|This undated photo of New Jersey Governor Christie and then-presidential candidate Donald J. Trump, right, ran with a June 14, 2016, post on VanityFair.com (credit: Brendan Smialowki/AFP/Getty Images).|
Governor Christie has worked hard to reshape an image tarnished by the Bridgegate scandal and more than 500 vetoes of everything from a millionaires tax to the $15 minimum wage.
In his crusade against drug abuse and overdose deaths from heroin and such pain relievers as oxycodone, the GOP bully has been trying for a kinder and gentler image.
At the end of March, President Trump named Christie to lead a new national opioid commission to address what many call the deadliest public health crisis in modern American history.
"Addiction is a disease, and no life is disposable," Christie said in a TV interview. "We can help people by giving them appropriate treatment."
That appointment was the consolation prize for New Jersey's governor, who dropped out of the presidential race in January 2016 and threw his support to Trump -- drawing the ire of six major daily newspapers that called for his resignation.
He had been passed over as Trump's running mate in the Nov. 8 election, and the former corruption-busting U.S. attorney for New Jersey didn't even get nominated to be attorney general of the United States.
Also, he was ousted as head of Trump's transition team at the request of son-in-law Jared Kushner.
Christie prosecuted his father, real estate developer Charles Kushner, who pleaded guilty to illegal campaign contributions, tax evasion and witness tampering in 2005, and served 14 months in federal prison.
In a June 2016 story, New Yorker magazine reported:
“Governor Chris Christie, of New Jersey, another of Trump’s opponents early in the campaign, has transformed himself into a sort of manservant, who is constantly with Trump at events. (One Republican told me that a friend of his on the Trump campaign used Snapchat to send him a video of Christie fetching Trump’s McDonald’s order.)” The servile depiction of Christie incited other media outlets to refer to the governor as the real-estate mogul’s “unpaid McDonald’s delivery intern” and “an errand boy for Donald Trump’s campaign.”
Page 1 of The Record of Woodland Park has been focusing on Christie's anti-drug crusade:
Today, State House Bureau reporter Dustin Racioppi says the state Attorney General's Office has joined a multi-state probe of the pharmaceutical industry "for its potential role in the opioid crisis that has swept the state and the country" (1A).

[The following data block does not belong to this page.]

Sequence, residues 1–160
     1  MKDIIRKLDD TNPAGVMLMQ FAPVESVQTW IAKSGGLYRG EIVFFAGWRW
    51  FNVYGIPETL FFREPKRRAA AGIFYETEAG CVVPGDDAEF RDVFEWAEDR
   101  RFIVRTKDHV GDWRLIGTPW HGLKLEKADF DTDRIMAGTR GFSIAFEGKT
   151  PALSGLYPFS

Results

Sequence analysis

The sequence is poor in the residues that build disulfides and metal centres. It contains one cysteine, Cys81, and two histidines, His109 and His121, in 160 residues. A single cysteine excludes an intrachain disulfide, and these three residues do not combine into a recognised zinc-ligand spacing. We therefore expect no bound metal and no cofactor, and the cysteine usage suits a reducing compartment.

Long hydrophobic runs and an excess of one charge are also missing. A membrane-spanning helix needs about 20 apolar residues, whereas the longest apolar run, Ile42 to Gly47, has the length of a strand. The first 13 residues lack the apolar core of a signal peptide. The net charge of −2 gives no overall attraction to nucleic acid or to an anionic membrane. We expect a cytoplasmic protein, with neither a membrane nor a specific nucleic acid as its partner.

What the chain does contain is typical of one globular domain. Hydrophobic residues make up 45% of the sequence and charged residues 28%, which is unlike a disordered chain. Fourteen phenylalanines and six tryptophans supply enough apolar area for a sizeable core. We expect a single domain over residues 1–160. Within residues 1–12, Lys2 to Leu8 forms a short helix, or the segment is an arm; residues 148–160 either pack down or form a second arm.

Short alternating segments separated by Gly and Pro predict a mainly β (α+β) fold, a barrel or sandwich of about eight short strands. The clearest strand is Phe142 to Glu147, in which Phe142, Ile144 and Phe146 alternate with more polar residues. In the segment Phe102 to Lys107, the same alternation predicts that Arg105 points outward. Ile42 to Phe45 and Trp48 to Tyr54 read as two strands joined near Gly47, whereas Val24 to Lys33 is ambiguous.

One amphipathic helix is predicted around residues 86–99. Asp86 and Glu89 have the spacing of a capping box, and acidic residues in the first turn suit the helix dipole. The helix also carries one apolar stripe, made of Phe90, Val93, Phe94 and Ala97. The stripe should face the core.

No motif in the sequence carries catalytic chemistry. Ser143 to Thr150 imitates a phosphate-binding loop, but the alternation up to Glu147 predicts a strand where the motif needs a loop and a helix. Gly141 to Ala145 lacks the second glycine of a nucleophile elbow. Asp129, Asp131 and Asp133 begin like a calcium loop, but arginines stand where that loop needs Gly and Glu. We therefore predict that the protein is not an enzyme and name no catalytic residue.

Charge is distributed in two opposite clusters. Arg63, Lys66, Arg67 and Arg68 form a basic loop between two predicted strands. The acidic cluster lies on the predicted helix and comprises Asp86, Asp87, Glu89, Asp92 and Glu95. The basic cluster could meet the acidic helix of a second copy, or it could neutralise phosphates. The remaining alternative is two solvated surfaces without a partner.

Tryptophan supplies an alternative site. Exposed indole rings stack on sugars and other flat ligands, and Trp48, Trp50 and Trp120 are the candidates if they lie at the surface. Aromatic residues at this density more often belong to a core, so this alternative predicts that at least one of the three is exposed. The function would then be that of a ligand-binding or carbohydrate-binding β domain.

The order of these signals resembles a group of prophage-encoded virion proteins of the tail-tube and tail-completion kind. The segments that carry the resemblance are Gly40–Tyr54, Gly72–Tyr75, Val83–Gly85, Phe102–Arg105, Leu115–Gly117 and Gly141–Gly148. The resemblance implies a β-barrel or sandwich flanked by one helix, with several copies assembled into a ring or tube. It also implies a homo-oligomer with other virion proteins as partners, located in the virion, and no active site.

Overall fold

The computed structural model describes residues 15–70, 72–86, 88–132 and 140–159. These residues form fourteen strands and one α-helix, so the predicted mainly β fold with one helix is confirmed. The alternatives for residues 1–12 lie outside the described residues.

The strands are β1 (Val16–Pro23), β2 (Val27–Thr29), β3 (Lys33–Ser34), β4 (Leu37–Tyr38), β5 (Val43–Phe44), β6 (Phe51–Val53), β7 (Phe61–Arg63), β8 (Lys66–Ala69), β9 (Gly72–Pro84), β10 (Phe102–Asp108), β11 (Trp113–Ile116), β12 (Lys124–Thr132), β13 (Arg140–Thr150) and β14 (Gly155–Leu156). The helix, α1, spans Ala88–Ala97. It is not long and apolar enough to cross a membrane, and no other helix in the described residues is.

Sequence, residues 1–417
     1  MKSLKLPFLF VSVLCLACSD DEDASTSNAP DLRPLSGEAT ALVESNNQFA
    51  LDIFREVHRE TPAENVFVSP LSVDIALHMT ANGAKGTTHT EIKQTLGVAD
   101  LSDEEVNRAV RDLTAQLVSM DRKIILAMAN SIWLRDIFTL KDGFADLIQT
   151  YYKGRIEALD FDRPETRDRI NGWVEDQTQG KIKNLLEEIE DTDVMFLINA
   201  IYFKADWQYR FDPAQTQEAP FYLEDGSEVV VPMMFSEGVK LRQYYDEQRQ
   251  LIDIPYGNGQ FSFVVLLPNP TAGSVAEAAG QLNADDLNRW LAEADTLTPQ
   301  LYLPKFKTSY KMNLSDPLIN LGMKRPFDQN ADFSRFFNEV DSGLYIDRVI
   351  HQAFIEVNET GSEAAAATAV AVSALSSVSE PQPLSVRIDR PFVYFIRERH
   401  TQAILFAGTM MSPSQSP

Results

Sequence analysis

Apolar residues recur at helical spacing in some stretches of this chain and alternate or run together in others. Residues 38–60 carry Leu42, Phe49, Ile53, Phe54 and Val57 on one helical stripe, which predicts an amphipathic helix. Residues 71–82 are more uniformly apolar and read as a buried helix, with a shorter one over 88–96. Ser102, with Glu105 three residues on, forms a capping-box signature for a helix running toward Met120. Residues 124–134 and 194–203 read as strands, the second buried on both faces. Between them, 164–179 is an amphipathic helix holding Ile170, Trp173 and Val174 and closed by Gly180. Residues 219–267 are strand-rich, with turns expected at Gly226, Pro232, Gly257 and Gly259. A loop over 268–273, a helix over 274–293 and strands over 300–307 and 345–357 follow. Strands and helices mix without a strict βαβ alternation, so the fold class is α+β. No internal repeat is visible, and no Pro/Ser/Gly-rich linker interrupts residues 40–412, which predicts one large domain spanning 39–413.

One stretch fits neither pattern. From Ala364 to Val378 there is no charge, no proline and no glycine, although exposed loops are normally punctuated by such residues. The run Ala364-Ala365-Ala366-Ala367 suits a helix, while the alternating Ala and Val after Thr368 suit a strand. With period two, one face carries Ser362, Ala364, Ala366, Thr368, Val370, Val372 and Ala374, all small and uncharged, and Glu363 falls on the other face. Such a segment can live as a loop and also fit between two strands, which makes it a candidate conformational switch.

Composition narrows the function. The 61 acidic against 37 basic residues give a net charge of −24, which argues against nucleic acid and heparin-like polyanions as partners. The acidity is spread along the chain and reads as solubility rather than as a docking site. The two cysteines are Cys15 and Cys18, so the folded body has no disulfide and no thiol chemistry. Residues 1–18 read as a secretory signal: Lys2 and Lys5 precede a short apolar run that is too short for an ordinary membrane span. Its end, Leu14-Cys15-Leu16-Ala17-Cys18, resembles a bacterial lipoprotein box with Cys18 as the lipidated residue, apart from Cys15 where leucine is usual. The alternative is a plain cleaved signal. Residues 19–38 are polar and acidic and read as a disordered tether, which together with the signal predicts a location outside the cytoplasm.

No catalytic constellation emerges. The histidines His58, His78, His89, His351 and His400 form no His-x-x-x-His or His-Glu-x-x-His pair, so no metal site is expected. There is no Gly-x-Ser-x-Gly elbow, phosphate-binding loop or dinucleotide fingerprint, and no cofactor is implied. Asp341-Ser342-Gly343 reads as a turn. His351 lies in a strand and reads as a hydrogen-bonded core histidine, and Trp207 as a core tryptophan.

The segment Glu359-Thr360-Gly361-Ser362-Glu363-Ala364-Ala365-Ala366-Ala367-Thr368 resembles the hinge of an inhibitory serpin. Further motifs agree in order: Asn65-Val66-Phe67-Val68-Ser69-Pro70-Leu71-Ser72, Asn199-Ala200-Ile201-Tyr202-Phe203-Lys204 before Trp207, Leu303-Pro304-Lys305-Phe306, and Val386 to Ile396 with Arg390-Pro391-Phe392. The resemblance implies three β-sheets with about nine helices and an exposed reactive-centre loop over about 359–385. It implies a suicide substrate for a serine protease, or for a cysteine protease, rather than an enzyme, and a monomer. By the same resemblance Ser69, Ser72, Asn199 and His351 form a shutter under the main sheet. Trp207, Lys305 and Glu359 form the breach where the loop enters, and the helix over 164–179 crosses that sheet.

The office also issued a subpoena to Johnson & Johnson "related to marketing practices for opioids by subsidiary Janssen Pharmaceuticals."
"Drug overdoses, fueled mostly by heroin and other opioids, killed more than 52,000 people in 2015 -- more than the roughly 43,000 who died at the peak of the HIV/AIDS crisis in 1995," Racioppi says.
Last year's drug-related death toll is expected to exceed 59,000, according to a New York Times analysis.
Stile v. Christie
On Wednesday, Record Editor Richard A. Green didn't even bother running a front-page news story on Christie announcing at a press conference that the state fined Horizon Blue Cross Blue Shield of New Jersey $15.5 million for allegedly bungling thousands of claims.
Instead, Page 1 carried another in an endless succession of boring political columns from burned-out Trenton reporter Charles Stile, who has been trying mightily to make up for more than 6 years of idolizing Christie in print.
Stile's column reported the fine on the state's biggest health insurer, and noted Christie has been trying to "browbeat a reluctant Democratic State Legislature into backing a $300 million raid of Horizon's capital reserves to finance an expansion of the state's drug-treatment services."
The news story ran on A4.
Still in Palookaville
The outcome of the Christie-Horizon battle remains to be seen.
But the governor has an unlimited number of vetoes he can execute before he leaves office next January or at least use as leverage over the Democratic majority in the state Legislature.
He also has the lowest approval rating of any governor in the country.
And New Jersey's worst governor ever still labors in the shadow of the worst president in U.S. history.
Page 1 today carries not one but three pieces on successful students and their graduations.
Staff Writer Hannan Adely's portrait of Mohamad Chacha of Paterson caught my eye, because he and his family fled Aleppo, Syria, "with just the clothes on their backs and their passports" (1A).
Not quite, as we learn later in the story.
And Adely doesn't mention that after the November 2015 terror attacks in Paris, Christie sought to bar all Syrian refugees -- even children -- from entering New Jersey and the rest of the country.
Luckily, the Chacha family of 6 arrived in fall 2013 "at a time before refugee bans even entered the national conversation," Adely says in a clear reference to Trump's executive orders, all of which have been overturned by the courts.
The family had obtained visas to Cuba, where they lived for 15 months, including interviews and background checks, before being allowed to enter the United States.
Cuba? What a coincidence, especially if Mohamad's last name, Chacha, is written as "Cha Cha," the Latin dance that originated on the Caribbean's largest island.